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The tiny village of Simonsbath stands on the junction in the centre of Exmoor where the East-West, Exford to Challacombe road crosses the North-South, Lynton to South Molton road.

There are a number of residential properties scattered along the lanes running away from the junction. There is a church called St. Lukes (built by the Knights-see below), two hotels and Boeveys Tea Rooms.
There are a number of great walks from Simonsbath, notably down the River Barle which passes the southern edge of the village.

There is also a lovely short woodland walk featuring all sorts of animals and birds carved from rough fallen timber by Mike Leach, who is a National Park Ranger. Children will have great fun hunting them down.


Simonsbath Hotel, Near Minehead, Somerset Tel: 01643 831259

Cats Whiskers Design

Simonsbath is the village where the Exmoor as we know it today, really began. John Knight made his home here after acquiring the Kings Allotment - a farm that James Boevey had made in part of the Royal Forest - in 1818 for the sum of £50,000. Knight was the son of a wealthy Shropshire iron-master and had already farmed successfully in Worcestershire. He thought he could convert the Royal Forest into decent agricultural land to help feed the nation. It was he who built most of the large farms in the central section of the moor.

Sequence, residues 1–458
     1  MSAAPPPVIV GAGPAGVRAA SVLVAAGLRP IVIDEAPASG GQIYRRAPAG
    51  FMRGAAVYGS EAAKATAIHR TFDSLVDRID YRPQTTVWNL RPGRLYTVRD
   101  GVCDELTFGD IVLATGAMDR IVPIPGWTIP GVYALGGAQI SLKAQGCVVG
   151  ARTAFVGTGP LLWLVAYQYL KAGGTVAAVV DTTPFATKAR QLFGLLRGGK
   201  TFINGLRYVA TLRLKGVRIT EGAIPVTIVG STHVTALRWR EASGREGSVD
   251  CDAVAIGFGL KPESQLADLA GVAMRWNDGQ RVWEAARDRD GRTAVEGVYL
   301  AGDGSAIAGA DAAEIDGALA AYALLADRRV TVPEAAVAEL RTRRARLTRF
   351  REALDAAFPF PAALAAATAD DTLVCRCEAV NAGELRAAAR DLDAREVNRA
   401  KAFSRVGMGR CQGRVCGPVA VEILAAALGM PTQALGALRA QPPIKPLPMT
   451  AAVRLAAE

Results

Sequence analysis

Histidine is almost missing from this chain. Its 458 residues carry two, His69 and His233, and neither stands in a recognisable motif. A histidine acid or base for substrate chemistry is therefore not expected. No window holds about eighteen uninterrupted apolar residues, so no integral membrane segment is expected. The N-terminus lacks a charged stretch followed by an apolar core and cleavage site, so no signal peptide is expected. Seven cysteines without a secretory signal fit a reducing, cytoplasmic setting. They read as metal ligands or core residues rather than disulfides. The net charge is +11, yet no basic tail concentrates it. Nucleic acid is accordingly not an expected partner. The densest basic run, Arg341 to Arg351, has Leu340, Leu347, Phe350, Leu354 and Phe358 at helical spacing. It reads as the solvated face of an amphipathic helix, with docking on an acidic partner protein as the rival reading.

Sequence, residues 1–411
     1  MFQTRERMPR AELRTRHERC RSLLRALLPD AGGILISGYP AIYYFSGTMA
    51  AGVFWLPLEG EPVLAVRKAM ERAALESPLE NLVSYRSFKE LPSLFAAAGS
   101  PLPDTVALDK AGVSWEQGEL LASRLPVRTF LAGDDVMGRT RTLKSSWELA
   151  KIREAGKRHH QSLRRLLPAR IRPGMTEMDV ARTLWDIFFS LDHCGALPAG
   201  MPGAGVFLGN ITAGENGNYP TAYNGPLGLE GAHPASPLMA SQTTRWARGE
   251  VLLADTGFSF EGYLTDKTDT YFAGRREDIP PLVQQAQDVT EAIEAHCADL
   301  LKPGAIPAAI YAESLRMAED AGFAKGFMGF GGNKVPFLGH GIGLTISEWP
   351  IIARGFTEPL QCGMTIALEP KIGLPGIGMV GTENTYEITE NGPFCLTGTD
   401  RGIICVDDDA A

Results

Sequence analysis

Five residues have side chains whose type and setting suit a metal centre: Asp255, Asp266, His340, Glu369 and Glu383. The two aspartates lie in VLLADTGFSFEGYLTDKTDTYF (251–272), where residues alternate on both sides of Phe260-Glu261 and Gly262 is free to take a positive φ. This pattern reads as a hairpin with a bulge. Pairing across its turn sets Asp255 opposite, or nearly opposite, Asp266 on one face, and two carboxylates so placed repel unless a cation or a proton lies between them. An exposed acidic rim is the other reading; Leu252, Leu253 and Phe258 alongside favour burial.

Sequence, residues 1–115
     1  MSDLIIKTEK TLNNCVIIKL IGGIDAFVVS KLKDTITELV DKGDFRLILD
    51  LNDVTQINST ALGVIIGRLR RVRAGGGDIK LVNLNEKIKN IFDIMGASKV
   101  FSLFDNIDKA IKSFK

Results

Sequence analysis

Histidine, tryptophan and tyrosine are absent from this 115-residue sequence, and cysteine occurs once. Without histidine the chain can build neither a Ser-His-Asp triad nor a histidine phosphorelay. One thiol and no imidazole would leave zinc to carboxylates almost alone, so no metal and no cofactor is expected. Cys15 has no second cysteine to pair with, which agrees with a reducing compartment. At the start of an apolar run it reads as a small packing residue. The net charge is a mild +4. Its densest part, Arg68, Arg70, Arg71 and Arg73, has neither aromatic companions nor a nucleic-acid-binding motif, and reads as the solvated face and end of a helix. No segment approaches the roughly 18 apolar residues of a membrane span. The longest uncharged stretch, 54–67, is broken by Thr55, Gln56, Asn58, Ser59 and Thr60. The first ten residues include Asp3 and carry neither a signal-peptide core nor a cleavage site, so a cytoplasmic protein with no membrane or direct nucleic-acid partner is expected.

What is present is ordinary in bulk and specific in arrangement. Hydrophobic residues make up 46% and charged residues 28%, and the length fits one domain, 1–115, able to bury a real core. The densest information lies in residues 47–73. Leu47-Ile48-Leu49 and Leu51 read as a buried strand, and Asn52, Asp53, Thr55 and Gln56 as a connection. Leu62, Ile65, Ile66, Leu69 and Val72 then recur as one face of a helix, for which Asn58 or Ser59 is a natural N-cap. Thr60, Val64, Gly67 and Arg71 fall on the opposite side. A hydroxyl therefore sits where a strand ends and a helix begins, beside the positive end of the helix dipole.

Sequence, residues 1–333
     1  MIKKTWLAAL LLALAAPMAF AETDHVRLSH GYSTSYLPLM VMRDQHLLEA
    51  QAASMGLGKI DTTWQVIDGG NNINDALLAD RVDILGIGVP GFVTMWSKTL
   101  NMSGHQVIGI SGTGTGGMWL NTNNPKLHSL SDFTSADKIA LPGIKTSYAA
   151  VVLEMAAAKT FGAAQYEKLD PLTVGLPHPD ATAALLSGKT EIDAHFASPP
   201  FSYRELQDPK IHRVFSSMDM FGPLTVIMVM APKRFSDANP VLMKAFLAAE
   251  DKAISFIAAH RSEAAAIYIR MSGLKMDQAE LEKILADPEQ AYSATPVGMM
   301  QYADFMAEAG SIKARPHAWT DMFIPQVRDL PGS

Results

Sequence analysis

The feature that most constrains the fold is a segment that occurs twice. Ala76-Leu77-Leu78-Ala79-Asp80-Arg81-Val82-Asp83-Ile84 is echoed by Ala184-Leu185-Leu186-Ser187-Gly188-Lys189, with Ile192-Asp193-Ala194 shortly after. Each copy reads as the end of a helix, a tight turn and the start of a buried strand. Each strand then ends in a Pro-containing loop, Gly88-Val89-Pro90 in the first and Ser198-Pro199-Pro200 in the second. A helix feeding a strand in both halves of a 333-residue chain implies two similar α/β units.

He, and later his son Frederick, drained or burned and enclosed large areas of the moor and built 22 miles of metalled access roads connecting Simonsbath to the outside world. He built a 29 mile wall around his estate, much of which still survives. He is responsible for the seven acre lake high up on the Chains known as Pinkworthy Pond (pronounced Pinkery). It is held back by a dam across the path of the infant River Barle which was built by gangs of Irish labourers. His reasons for building this 30 foot deep 'reservoir' are still unclear and it remains an enigma.

Nature beat him in the end - and his dream was never realised. The iron pan covering much of the moor limits drainage so much that proper arable agriculture will probably never be possible.

Click on Tourism for information on the area, Attractions for what to do and where to go, Food and Drink on what to eat when you get there, Leisure... well relax and think about that one and the Town Centre to shop till you drop!


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